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My Current Credit Card Strategy

by joeheg

Signing up for credit cards is one of the best ways to build up your points and miles balances. But this isn’t the Wild West anymore. You just can’t sign up for credit cards indiscriminately. The banks are on to us. They know what we’re doing. Lucky for us that they’re willing to let us continue in our credit card ways as long as they can balance the money we cost them against the money they make from everyone else.

In order to do that, banks have placed restrictions on signing up for credit cards. Name a bank and I bet they have some sort of term associated with their specific rule. 5/24, Once a lifetime + 4 max , 2/3/4, 1/6 + 6/24. All of these are unwritten rules the banks have put in place to keep you and me from signing up for every card under the sun.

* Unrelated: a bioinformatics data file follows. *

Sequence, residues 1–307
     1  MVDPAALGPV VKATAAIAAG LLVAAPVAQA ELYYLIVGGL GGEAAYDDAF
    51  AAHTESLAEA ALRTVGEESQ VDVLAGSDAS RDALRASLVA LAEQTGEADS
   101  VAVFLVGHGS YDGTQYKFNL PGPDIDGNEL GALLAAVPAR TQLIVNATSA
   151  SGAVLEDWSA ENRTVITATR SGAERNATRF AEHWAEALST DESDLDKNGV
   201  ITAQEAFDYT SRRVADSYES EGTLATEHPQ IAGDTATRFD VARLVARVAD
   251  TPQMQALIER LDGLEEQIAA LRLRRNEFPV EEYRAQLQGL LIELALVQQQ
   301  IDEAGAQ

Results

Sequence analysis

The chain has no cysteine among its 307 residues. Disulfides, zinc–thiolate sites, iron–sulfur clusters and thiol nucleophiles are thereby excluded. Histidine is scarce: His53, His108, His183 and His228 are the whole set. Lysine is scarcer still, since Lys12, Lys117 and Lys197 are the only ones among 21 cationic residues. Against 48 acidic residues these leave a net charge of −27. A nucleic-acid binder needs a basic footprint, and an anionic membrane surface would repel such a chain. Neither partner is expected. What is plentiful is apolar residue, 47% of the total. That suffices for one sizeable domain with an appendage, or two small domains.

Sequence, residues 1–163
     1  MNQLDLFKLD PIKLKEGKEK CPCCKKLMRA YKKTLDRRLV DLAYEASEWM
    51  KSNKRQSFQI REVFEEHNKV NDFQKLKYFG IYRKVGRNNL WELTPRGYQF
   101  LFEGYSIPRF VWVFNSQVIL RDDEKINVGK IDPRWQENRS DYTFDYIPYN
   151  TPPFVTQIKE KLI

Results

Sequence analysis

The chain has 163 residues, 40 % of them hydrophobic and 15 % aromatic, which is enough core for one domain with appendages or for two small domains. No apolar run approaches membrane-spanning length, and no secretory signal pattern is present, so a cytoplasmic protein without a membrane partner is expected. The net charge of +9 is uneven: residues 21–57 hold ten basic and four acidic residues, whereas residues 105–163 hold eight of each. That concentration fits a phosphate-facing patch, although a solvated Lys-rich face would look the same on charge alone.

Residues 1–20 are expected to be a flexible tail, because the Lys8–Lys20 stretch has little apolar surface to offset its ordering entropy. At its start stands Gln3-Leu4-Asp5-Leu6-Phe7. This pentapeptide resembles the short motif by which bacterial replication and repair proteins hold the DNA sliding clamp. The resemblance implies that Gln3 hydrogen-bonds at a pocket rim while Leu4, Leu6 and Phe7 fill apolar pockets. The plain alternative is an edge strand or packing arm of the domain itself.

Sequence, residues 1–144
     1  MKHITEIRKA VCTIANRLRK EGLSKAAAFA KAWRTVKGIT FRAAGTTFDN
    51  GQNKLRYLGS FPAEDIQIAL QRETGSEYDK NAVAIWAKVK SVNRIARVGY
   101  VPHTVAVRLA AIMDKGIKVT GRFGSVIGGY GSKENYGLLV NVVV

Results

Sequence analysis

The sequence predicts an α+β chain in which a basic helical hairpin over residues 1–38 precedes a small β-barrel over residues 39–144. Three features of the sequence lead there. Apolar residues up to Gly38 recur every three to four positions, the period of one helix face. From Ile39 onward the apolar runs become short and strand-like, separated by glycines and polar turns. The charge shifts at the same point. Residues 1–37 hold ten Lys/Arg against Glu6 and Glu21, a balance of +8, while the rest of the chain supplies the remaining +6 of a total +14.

To make things worse, American Express is now denying cards to people they feel are gaming the system to their advantage. What do they consider gaming?

 We may also consider the number of American Express Cards you have opened and closed as well as other factors in making a decision on your welcome offer eligibility. 

So now when you sign up for a card with American Express, they actually expect you to keep it open. For how long, who knows. But don’t open it and then close it before that first annual fee hits.

Collecting miles and points has always been like a game of cat and mouse. The banks are constantly changing the rules and we find new ways to play under those rules. Until the rules change again. Back and forth and back and forth.

So in the current environment, how has my approach to signups changed? I think the styles of signing up for cards can be divided into two camps:

The Jenga Approach